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October 16, 2012 3:57 pm
“We are more stubborn than they can ever imagine, and will be fighting the battle to its bitterest end,” says Mametlwe Sebei, a leader of the committee coordinating strike action. “We have defeated the fear of death. We have defeated the fear of arrest.”
Two months into a strike that has seen tens of thousands of miners down tools and demand better wages, there is no sign that the mood is softening. Instead the indications are that workers are becoming more militant and better organised.
Another speaker weighed in, saying more had to be done to support miners who have gone for weeks without salaries to ensure the industrial campaign continues.
“We are not getting anything solid to them,” said Titus Setlahbetsa. “We must stand up and do something.”
Those attending the weekend gathering, which brought together “workers’ representatives” from the platinum and gold sectors hardest hit by the strikes, were sending a stark warning to mining companies: meet workers’ demands or prepare for more of the wildcat strikes that erupted in August.
The unrest has already cost companies and the state billions of rand, savaged South Africa’s reputation as an investment destination and helped trigger sovereign downgrades by Moody’s and Standard & Poor’s rating agencies. It has also fuelled some of the worst violence seen since the end of apartheid, with about 50 people, including 34 shot by police in Marikana, losing their lives.
Lonmin, the platinum company where the unrest began, settled its six-week strike after agreeing to wage increases of up to 22 per cent. But that sparked fears that a dangerous precedent had been set as the strikes spread.
In the most dramatic example of the unrest’s escalation AngloGold Ashanti, the world’s third-largest gold producer, was forced to suspend its entire South Africa operations overnight as 24,000 of its 35,000-strong workforce in the country downed tools last month.
Complicating efforts to resolve the crisis, the traditional unions have lost their leverage over workers, who are instead setting up independent strike committees aided by socialist movements.
Industry officials are struggling to respond. But in the face of the workers’ continuing defiance, mining companies have started playing hardball and are increasingly taking disciplinary action against workers in a high-stakes effort to end the crisis.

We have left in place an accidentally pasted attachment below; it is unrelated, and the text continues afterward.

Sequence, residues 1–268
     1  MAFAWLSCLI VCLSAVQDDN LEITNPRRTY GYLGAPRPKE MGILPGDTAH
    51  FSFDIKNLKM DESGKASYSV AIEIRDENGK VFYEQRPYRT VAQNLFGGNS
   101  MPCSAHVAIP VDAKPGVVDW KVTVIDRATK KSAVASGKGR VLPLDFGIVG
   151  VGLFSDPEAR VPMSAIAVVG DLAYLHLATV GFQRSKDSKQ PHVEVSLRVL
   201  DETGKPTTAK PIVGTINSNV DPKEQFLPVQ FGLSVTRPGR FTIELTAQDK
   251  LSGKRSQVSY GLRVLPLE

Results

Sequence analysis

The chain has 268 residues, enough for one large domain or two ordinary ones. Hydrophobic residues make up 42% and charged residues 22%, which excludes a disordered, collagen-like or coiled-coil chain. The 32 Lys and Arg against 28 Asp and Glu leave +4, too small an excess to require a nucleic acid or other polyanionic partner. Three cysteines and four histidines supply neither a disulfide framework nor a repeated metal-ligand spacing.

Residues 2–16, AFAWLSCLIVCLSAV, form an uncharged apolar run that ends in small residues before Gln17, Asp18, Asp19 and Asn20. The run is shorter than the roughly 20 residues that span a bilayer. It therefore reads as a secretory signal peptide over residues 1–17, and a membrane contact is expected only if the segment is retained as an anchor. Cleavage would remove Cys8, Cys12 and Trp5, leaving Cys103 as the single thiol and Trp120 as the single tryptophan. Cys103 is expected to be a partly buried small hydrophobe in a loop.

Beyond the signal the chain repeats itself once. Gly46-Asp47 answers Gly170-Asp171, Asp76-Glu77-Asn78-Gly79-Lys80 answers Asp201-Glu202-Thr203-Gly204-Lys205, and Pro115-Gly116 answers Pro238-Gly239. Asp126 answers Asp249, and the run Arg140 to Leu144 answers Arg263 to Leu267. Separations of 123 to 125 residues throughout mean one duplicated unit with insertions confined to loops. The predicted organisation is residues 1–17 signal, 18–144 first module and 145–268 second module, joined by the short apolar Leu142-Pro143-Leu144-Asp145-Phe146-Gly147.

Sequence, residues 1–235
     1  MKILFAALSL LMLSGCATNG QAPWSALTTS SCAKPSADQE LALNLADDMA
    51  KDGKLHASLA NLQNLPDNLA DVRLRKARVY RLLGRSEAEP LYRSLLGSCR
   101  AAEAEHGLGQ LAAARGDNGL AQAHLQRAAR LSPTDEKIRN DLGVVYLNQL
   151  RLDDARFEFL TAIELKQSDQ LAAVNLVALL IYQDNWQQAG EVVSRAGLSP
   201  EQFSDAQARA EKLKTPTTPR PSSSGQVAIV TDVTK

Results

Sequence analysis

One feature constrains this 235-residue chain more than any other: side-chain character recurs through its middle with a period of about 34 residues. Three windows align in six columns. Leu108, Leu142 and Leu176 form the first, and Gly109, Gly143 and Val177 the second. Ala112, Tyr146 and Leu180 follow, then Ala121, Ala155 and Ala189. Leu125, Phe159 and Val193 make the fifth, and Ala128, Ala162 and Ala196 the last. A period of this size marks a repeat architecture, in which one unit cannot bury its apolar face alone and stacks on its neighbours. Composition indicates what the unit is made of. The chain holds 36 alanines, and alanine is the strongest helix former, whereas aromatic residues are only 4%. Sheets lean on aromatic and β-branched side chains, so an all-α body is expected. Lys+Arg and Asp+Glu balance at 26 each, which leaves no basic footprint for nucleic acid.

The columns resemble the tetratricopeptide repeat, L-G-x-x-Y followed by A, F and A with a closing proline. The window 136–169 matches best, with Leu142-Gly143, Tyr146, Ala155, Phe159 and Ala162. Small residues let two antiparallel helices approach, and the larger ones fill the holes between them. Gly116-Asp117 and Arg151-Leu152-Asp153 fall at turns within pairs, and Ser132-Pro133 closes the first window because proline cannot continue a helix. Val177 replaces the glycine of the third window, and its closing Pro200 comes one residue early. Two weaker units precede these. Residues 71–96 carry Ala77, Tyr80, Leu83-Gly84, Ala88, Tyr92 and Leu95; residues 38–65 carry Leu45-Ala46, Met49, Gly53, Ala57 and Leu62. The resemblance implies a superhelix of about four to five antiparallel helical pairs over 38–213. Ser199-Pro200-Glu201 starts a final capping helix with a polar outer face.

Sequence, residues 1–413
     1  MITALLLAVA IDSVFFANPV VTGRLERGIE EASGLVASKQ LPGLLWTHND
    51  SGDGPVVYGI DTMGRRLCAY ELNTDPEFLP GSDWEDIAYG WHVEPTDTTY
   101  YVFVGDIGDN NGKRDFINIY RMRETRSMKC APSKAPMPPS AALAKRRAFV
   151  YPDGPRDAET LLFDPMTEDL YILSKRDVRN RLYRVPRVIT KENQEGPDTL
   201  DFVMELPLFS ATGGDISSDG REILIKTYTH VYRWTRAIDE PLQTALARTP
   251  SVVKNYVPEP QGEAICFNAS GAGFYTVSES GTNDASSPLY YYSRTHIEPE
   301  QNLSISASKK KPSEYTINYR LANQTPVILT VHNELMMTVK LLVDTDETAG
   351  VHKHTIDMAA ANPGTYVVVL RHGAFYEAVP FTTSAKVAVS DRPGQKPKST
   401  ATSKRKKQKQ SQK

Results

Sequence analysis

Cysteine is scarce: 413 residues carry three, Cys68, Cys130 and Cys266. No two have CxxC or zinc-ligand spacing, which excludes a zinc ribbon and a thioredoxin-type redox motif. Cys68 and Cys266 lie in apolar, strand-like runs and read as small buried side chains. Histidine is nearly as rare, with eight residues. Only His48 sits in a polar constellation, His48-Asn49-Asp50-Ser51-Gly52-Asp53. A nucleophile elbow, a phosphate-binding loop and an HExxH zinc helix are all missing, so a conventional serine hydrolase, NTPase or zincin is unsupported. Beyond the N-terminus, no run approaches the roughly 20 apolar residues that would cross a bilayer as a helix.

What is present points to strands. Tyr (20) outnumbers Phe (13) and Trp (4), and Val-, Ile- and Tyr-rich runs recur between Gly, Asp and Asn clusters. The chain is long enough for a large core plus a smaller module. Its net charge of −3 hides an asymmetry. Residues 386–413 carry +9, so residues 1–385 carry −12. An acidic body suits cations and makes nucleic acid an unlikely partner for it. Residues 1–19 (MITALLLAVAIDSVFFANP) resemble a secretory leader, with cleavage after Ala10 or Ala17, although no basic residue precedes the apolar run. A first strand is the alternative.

Similar action was taken this week at the country’s biggest iron ore mine, Sishen, operated by a Kumba Iron Ore, a subsidiary of Anglo American, where production was halted after just 300 of more 12,000 of its employees went on strike, blocked roads and seized equipment. Kumba said on Tuesday the “illegal occupation” had ended after police removed the strikers.
In the gold sector, where more than 70,000 workers are caught up in strikes, the situation took a turn for the worse on Monday after many workers rejected new wage proposals following talks between the Chamber of Mines and unions. This raises the spectre of more dismissals and the closure of marginal mines.
Nick Holland, chief executive of Gold Fields, on Tuesday said the company had issued an ultimatum to 23,500 strikers out of a workforce of 36,000 in South Africa to return to work on Thursday or face dismissal. He said the illegal strikes had cost Gold Fields R1.2bn ($137m) in lost revenue.
More than 100,000 miners have been sucked into the unrest. But it is difficult to gauge how many of the striking miners want to return to work and whether they could do so safely, due to the levels of violence and intimidation against workers.
The Marikana meeting gave a glimpse of how workers’ representatives are attempting to mobilise and organise. It was attended by several dozen miners and workers’ representatives who said they came from companies including Amplats and AngloGold. No officials from the traditionally dominant National Union of Mineworkers were in sight. Instead there were several members of South Africa’s section of the Democratic Socialist Movement, to which Mr Sebei belongs.
“If it was not because of DSM this strike would have been long gone,” said Gaddafi Mdoda, one of the striking miners sacked by Amplats.
Rehad Desai, a film-maker who helped found the Marikana Support Campaign to raise money to support “mobilisation” efforts, used the gathering to say workers should occupy mines to counter the threat of mass dismissals.
Pamphlets were handed out calling for a national strike, nationalisation of the mines and a “national living wage” of R12,500 a month – the original demand of the Lonmin strikers, which has become a clarion call across the industry.
Workers insist they alone have instigated the action as frustrations over pay and conditions have boiled over in an industry that has struggled to shrug off the notorious legacy of its treatment of black workers under apartheid.
“We have had enough of the oppression taking place,” said Mr Mdoda. “If they [mining companies] cannot afford to put something on the table they must just pack their belongings and go back to where they came from.”
Sphamanala Makhanya, a winch operator, has spent a decade in the mines and said he took home around R5,000 a month before he was dismissed by Amplats. He lives in a tin shack in a squatter camp and 10 of his relatives, including his four children in faraway KwaZulu Natal province, depend on his salary.
He insisted the strikers’ demands – they want a monthly package of R16,000, including benefits, but would settle for a minimum of R13,000 – must be met.
“Yes it’s difficult to survive without any wage but we are not just going to work for peanuts,” he said. “We are prepared to die.”
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